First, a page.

Box, an architect at Microsoft, urged developers to focus on innovations at the application level.
"Unless you're a big platform vendor, the place where you should be thinking about innovating is applications.
"The plumbing is boring" and is nearly completed, Box said. He cited the recently announced Google Web APIs service, for conducting searches over Google from within applications, as an example of an exciting application.
Network infrastructure also presents an opportunity, but the basic Soap stack itself is done and another one is not needed, Box said. The tools and plumbing are already good enough for "killer apps", he said.
Soap, he said, arose out of an HTTP foundation, with HTTP being a protocol accepted by multiple development camps. XML also was critical.
"Really, the novelty of Soap was simply saying we're going to take XML and make it work for data," Box said.
An upcoming version of Soap, Version 1.2, needs to be the final version, Box said.
Box also stressed that XML Schema is the dominant technology for Web services. "Had XML Schema been done in 1998, we would not have done Soap," he said.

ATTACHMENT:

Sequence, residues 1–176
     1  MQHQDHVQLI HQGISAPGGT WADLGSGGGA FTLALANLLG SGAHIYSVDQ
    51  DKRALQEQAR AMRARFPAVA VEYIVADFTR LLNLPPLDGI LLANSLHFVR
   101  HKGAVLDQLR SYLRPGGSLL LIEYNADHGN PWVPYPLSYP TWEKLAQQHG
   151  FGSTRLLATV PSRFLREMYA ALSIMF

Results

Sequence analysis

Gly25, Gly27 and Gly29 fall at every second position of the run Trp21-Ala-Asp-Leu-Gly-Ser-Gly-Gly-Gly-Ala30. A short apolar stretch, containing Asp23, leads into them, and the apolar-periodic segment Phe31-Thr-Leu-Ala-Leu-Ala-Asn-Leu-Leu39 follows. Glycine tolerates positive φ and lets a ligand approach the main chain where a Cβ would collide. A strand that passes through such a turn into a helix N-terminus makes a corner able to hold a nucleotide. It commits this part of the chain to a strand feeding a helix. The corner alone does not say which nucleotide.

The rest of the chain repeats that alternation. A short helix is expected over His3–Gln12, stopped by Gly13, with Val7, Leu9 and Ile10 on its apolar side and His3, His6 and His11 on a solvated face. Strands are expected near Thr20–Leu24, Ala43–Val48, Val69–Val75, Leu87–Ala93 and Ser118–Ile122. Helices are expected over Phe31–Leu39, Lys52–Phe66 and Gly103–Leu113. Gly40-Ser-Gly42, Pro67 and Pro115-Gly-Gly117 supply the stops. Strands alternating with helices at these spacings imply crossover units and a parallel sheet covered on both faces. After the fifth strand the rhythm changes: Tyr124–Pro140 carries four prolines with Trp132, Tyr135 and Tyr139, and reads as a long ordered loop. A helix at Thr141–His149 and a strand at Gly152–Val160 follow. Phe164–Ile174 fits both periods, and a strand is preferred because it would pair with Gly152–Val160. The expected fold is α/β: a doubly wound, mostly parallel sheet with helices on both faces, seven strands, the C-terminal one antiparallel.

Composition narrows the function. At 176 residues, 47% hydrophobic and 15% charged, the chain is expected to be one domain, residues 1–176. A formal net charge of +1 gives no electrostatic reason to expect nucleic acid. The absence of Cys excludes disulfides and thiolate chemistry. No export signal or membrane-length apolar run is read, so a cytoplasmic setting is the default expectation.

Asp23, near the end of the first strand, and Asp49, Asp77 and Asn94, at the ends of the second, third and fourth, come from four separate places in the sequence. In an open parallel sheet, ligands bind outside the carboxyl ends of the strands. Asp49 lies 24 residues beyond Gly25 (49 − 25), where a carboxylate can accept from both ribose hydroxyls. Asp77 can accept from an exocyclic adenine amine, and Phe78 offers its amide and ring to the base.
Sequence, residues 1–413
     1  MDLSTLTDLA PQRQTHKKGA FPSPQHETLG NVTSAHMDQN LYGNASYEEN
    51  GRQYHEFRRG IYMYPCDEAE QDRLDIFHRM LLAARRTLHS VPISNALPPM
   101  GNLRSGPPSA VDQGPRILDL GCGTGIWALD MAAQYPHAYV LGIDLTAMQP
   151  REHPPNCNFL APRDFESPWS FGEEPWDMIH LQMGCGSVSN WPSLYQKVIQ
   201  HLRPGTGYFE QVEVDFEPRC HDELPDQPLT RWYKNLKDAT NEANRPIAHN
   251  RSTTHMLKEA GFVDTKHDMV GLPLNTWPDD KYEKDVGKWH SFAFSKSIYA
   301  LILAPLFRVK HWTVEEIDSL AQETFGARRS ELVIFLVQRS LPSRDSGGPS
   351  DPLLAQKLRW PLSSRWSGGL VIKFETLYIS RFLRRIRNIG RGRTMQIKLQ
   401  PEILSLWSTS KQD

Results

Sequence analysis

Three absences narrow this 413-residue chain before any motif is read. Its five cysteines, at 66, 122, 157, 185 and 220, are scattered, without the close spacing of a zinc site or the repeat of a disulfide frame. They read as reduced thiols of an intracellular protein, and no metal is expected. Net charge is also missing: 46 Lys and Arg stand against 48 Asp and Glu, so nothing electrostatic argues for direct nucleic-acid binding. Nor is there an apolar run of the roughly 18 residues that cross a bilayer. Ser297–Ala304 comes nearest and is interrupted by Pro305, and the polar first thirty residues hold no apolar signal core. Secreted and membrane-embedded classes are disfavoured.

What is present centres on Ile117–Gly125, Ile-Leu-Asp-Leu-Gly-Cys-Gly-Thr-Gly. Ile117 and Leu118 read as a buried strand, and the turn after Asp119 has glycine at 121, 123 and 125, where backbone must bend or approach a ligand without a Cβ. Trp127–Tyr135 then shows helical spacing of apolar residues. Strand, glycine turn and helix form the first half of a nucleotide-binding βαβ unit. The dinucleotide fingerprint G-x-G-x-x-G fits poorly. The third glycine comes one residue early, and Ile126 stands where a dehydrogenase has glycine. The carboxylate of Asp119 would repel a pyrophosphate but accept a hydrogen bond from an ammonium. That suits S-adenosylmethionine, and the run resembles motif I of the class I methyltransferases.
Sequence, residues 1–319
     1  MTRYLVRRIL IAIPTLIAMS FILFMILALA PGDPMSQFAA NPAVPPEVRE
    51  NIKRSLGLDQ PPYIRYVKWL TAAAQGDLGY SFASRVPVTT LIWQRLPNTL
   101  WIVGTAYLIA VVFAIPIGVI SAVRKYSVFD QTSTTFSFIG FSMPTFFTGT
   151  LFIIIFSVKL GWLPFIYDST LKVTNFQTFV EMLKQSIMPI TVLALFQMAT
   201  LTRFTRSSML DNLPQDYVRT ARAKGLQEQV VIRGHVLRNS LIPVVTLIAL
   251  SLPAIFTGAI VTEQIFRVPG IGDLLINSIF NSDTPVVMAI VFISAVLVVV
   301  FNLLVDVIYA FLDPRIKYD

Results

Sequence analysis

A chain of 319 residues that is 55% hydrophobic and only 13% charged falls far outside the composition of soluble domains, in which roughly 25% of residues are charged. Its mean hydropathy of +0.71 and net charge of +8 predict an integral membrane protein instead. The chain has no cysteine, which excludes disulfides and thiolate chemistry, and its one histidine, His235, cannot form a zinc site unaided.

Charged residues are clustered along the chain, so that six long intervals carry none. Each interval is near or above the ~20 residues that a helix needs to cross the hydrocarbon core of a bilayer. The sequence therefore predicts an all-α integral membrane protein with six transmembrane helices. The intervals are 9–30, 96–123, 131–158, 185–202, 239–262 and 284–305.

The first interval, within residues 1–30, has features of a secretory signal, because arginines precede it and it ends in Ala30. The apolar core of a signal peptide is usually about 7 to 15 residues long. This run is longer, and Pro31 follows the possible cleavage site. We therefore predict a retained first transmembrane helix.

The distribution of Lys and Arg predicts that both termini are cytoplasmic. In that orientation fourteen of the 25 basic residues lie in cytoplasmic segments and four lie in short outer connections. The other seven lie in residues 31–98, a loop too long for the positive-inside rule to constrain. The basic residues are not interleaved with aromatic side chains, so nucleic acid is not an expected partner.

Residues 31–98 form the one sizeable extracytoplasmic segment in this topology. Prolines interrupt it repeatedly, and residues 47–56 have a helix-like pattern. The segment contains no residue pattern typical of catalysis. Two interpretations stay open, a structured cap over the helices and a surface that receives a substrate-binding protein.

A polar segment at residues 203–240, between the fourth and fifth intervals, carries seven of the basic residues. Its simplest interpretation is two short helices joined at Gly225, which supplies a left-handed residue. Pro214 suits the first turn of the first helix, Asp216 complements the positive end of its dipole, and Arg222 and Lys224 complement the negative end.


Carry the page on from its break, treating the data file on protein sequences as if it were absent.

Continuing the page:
"The reality is, XML Schema is the foundation for the rest of XML," said Box. Technologies such as XML Query take XML Schema "for granted", he said.
Soap messages need to function with XML, according to Box, because XML Schema is an "inevitability".
"There is no point in not embracing this thing and I strongly encourage those of you who work in Web services technologies [to] make sure your story is straight," with respect to XML Schema, Box added.
Box also addressed some critics of the UDDI (Universal Description, Discovery, and Integration) specification, saying UDDI can growth and that the upcoming Version 1.3 of UDDI hopefully will fix problems with identifiers.
"It's hard to talk about UDDI without taking an apologetic tone," Box said.